I don't know how the stunned silence played out for most, but for me and the two friends I watched the game with, I'd say it was on par with the awkwardness that follows an impromptu make out session that no party wanted to be a part of.
Oh, and the icing on the cake; had the rest of the season played out like it did, both teams would have finished 10-6, and the win would have secured the Bears a tie-breaker, thus earning them the wild card spot held by the Falcons. Awesome.
In some ways, the Bears loss to Carolina in the 2005 playoffs was more frustrating than the Super Bowl loss of the following season.
When one dissects the Super Bowl, it can be concluded maybe Indianapolis was a better team. I will never accept this to be true about the Panthers.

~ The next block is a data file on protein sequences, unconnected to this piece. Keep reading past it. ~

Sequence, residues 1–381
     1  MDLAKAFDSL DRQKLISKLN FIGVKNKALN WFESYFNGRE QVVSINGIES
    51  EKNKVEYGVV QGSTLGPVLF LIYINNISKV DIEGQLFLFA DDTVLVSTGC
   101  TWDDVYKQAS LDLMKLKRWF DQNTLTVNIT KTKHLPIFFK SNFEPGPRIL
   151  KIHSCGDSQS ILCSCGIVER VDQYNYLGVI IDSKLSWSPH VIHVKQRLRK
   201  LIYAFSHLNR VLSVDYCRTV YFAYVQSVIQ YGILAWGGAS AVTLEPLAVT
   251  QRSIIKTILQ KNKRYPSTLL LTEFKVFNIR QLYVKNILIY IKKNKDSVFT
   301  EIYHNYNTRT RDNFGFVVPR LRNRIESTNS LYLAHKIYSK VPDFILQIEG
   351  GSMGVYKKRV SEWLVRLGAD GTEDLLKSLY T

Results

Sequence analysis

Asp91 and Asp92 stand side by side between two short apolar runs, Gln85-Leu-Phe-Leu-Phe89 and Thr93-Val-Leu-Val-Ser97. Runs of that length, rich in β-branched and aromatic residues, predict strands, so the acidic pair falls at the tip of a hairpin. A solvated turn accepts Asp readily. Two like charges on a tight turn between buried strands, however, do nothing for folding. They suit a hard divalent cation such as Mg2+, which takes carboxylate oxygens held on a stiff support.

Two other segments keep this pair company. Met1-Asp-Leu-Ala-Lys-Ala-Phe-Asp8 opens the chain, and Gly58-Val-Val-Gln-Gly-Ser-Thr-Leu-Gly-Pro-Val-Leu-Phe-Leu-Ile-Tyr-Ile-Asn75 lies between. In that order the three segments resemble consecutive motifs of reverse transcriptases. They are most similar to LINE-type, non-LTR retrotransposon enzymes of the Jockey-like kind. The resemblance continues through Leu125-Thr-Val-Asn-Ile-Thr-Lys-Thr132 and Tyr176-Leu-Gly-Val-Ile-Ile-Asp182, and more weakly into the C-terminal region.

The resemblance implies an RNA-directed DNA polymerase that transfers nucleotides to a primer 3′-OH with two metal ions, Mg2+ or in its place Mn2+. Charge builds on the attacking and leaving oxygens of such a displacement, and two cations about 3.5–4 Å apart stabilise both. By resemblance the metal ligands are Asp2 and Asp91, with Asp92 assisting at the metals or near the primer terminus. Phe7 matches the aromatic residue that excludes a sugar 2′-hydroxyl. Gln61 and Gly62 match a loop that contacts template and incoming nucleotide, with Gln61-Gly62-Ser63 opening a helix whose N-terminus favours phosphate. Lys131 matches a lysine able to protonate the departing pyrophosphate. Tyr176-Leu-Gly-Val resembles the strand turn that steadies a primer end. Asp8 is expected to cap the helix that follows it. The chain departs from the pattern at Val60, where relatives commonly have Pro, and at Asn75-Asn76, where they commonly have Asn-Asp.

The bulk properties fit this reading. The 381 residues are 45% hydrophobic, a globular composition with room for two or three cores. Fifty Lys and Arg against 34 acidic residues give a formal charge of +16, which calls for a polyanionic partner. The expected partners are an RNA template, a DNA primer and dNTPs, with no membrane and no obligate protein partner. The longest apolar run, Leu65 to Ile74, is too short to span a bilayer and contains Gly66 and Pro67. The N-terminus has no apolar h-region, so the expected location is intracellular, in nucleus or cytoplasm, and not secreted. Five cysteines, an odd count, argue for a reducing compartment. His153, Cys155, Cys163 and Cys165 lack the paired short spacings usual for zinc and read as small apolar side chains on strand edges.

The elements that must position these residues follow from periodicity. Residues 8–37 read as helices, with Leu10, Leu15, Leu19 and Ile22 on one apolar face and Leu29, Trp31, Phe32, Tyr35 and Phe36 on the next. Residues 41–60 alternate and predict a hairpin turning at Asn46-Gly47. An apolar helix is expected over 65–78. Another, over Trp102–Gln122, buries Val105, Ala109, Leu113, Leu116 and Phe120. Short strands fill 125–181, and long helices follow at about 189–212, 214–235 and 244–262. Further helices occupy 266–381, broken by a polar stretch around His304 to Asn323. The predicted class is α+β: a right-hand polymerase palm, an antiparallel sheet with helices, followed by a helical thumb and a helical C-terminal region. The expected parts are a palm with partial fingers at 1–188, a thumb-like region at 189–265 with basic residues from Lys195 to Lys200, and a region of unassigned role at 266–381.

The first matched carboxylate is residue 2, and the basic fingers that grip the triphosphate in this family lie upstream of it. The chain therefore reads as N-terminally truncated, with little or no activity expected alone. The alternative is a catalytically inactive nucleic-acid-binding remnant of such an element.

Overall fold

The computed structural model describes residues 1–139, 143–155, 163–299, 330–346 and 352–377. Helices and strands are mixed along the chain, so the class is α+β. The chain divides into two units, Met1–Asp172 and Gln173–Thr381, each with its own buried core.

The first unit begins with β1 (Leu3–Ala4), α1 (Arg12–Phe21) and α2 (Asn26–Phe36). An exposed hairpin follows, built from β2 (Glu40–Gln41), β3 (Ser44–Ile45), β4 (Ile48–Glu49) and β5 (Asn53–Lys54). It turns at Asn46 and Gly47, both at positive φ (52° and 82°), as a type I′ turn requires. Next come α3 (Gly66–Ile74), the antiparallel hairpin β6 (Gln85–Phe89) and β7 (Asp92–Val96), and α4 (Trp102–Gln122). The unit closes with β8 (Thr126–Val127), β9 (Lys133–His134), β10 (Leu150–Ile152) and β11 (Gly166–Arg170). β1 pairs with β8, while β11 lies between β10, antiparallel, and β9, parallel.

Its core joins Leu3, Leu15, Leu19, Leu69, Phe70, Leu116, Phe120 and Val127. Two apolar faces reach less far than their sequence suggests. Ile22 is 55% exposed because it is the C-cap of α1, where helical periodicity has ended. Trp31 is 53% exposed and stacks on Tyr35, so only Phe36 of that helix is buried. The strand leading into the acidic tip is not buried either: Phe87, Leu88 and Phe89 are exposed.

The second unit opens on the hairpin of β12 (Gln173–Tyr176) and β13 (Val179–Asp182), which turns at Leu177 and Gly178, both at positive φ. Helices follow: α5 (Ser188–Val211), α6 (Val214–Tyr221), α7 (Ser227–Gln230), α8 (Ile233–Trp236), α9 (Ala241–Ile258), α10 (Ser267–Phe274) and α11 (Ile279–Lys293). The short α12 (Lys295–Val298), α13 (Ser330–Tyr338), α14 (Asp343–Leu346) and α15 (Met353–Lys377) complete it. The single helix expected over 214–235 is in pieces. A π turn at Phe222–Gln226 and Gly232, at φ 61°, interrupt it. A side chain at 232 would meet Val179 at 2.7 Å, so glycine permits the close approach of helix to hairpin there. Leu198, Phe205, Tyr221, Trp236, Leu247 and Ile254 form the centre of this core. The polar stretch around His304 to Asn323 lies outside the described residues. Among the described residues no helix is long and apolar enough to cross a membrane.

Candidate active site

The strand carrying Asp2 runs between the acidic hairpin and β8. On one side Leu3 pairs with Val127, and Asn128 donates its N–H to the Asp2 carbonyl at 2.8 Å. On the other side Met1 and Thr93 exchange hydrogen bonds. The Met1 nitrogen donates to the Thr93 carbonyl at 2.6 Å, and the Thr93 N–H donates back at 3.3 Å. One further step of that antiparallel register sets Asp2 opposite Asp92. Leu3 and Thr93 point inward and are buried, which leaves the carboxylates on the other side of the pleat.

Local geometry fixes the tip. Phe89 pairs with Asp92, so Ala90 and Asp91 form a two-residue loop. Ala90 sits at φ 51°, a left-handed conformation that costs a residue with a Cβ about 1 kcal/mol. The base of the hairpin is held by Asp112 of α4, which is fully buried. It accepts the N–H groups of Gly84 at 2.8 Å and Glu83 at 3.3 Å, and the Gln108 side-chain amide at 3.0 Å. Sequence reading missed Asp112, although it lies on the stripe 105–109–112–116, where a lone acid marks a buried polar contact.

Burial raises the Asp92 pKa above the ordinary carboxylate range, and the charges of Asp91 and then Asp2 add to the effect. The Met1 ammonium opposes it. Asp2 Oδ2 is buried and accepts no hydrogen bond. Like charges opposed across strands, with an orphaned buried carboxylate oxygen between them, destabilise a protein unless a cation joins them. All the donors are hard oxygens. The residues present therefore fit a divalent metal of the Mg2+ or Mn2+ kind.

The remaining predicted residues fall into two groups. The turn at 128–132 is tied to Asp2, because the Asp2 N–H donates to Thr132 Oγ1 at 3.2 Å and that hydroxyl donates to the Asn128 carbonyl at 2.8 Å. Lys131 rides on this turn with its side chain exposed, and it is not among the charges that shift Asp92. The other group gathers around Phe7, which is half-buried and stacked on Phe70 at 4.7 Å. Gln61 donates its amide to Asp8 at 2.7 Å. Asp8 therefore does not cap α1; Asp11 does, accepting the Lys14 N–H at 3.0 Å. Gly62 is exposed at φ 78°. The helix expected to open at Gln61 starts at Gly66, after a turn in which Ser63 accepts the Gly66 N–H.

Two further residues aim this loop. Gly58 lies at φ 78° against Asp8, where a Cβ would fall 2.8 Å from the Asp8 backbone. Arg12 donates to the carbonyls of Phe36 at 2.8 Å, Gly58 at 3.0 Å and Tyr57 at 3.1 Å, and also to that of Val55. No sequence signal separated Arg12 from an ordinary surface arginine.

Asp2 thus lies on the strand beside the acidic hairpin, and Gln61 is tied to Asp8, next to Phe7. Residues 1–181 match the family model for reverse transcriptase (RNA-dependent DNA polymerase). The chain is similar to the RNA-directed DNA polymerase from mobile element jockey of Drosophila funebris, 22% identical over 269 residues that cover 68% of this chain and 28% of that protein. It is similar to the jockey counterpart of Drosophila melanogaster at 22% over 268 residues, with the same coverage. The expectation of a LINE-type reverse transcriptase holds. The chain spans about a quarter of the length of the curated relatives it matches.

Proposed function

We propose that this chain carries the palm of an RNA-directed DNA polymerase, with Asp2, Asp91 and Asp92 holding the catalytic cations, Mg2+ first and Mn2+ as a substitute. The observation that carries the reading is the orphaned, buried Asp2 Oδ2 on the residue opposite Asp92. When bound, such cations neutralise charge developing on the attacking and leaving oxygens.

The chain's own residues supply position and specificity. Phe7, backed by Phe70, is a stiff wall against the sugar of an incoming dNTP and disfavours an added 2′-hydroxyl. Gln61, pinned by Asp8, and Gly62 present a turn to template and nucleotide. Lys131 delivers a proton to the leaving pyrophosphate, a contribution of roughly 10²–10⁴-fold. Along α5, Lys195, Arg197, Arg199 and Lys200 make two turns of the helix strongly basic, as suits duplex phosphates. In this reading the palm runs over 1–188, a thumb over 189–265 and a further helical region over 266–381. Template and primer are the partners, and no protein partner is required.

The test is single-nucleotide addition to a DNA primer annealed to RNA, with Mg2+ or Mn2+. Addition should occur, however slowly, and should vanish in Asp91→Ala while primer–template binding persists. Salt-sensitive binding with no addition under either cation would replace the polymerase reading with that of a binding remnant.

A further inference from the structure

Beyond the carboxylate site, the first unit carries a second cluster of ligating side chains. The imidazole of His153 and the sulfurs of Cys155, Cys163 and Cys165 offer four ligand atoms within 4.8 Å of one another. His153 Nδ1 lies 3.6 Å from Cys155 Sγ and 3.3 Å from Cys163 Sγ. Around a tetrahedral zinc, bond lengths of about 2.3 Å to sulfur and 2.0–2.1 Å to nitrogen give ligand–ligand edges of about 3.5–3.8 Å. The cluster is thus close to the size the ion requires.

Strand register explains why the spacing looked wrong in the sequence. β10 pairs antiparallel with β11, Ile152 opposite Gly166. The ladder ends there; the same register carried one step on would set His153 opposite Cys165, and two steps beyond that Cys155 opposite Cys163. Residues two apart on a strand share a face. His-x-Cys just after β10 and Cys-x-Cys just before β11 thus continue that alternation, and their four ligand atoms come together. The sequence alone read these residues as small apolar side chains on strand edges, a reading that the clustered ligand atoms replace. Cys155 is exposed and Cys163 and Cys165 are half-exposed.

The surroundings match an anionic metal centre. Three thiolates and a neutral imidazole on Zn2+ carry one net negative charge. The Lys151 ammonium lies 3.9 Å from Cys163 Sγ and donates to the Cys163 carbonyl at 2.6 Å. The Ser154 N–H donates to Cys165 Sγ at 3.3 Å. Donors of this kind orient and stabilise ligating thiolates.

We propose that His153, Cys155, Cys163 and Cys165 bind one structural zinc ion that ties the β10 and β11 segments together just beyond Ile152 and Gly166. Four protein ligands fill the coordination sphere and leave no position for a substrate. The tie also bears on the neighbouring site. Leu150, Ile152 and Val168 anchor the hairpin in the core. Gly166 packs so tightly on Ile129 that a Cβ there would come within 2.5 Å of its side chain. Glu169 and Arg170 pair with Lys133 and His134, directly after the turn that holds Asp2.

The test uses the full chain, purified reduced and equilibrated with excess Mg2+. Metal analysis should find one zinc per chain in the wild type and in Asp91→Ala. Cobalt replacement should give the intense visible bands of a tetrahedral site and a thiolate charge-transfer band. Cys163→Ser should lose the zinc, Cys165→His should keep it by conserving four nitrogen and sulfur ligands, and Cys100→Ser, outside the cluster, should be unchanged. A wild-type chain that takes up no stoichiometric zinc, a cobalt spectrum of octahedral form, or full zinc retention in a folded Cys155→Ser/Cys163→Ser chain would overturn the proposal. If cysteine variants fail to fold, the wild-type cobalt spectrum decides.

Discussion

The Bears boasted a defense which had given up the fewest points in the league in '05, and were facing an offense with exactly one legitimate weapon, receiver Steve Smith. Instead of having the good sense to smother him, Lovie Smith and Ron Rivera elected rather to cover him man-to-man.
The strategy took a mere :52 to backfire, as Smith raced past a stumbling Charles Tillman to give Carolina an early lead.
Un-phased by Smith's torching of their best corner, the Bears decided to change things up. Sadly, the change didn't come via game plan. No, the Bears decided if Charles Tillman couldn't cover Smith, surely Chris Thompson (whose been active for exactly zero NFL games since) could.
But like Peanut, Thompson also tumbled to the ground as Smith torched him for another score. Smith finished the game with 218 yards, and the Bears, despite a respectable effort by a usually stagnant offense, were bounced by the score of 29-21.